In general, the decision to keep tight end Aaron Hernandez in New England was a smart one. The former fourth-round pick has emerged as one of Tom Brady's favorite targets, and he's coming off a 79-catch performance in 2011. Now he'll be in Foxboro through 2018 and stands to make upwards of $40 million over the life of the deal, including a $12.5 million signing bonus.
The news is somewhat awkward for wide receiver Wes Welker, who led the planet with 122 receptions in 2011 and was also looking for a new deal this offseason. Instead, the Patriots slapped him with the franchise tag, neither side came to terms on a new contract in the ensuing months and Welker eventually signed his one-year tender that will pay him just over $9 million in 2012.
On Monday, he was asked about Hernandez's good fortune.
"It's good for him. I'm definitely happy for him," Welker said via ESPNBoston.com. "He's a great player and done a lot of great things for us. Good to have him here."
That led to the inevitable follow-up question about what this all means for Welker's future in New England.
"I think you have to ask Coach Belichick that," he said. "I'm just going out here and doing my job to the best of my ability, and let everything else take care of itself."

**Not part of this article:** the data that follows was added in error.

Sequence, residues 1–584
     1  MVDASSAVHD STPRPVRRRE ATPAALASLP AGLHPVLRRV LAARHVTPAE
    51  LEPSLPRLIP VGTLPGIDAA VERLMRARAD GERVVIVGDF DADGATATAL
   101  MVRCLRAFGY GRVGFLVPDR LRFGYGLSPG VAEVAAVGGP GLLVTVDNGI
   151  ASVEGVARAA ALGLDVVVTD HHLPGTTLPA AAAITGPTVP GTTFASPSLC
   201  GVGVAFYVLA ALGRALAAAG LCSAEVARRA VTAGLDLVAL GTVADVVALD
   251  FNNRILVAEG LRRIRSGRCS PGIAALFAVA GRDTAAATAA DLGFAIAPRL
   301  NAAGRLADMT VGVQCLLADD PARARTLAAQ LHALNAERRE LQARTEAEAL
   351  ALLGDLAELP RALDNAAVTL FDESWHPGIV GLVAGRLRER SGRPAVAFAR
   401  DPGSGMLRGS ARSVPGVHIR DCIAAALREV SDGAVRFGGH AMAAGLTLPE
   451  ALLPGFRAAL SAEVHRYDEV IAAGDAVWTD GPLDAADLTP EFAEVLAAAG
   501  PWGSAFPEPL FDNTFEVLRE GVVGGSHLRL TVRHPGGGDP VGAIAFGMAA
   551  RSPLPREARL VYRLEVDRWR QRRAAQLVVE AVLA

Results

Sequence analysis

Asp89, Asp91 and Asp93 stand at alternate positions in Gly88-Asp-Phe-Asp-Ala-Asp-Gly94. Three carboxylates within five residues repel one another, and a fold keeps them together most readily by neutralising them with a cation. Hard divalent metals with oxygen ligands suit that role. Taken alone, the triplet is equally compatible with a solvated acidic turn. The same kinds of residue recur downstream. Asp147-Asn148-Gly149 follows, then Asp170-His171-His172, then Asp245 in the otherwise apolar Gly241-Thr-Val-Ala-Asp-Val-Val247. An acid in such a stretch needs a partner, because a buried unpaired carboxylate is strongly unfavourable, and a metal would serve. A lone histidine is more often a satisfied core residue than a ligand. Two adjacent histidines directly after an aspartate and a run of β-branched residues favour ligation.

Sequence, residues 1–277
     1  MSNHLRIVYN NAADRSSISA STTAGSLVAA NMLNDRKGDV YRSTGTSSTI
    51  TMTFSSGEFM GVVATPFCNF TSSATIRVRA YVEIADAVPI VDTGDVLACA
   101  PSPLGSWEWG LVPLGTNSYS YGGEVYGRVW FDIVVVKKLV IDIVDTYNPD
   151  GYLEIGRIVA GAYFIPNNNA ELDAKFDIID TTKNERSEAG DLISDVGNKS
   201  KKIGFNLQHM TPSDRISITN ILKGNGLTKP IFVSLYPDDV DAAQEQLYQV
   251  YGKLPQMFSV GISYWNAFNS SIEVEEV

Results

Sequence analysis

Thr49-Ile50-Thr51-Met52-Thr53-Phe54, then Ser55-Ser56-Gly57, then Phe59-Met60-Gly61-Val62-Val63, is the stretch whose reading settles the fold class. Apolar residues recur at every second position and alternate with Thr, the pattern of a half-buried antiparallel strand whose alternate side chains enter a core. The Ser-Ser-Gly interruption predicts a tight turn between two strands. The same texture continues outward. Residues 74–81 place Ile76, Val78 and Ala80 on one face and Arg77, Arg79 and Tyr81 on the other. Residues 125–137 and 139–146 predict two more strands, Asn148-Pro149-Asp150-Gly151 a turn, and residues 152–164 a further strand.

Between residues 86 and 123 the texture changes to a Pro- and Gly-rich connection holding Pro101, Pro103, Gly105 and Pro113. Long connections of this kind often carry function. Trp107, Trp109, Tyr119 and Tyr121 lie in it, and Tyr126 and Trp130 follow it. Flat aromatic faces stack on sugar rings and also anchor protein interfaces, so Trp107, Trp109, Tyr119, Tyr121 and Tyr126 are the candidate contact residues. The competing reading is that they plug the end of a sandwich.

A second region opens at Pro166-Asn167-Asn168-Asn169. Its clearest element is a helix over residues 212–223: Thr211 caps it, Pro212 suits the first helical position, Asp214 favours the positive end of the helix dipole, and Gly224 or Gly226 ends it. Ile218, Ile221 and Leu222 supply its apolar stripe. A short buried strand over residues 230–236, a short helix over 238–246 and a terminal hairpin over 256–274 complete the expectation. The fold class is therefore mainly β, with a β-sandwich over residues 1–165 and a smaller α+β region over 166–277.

Adding intrigue to all this: Welker missed Friday's preseason game for personal reasons. When asked about it, he would only say "A lot of those personal issues, so I'll leave it at that, and let Coach Belichick take care of everything else."
When the question was put to Belichick he was predictably vague, describing Welker as "day-to-day." A reporter asked if it was in anyway injury related and Belichick repeated "it's day-to-day" before moving on.
Welker, like just about every player not named Drew Brees or Tom Brady, has very little leverage in this situation. We don't say that lightly; he has a staggering 331 receptions the last three seasons and he's been one of Brady's all-time most reliable receivers. And it's that fact that may keep him in New England beyond 2012. Because while the Pats appears to be shifting to a tight end-focused passing game, history has shown that Brady without competent pass-catchers is a disaster waiting to happen. In 2006, his top options were Jabar Gaffney and Reche Caldwell, and last year it was Welker and, well, that was it. Deion Branch was reliable but struggled to get open, and Chad Ochocinco was neither.
As it stands, Welker isn't thinking beyond Week 1 when he plans to be on the field against the Titans.
"I look forward to being out there with the team, and looking forward to 2012," he said.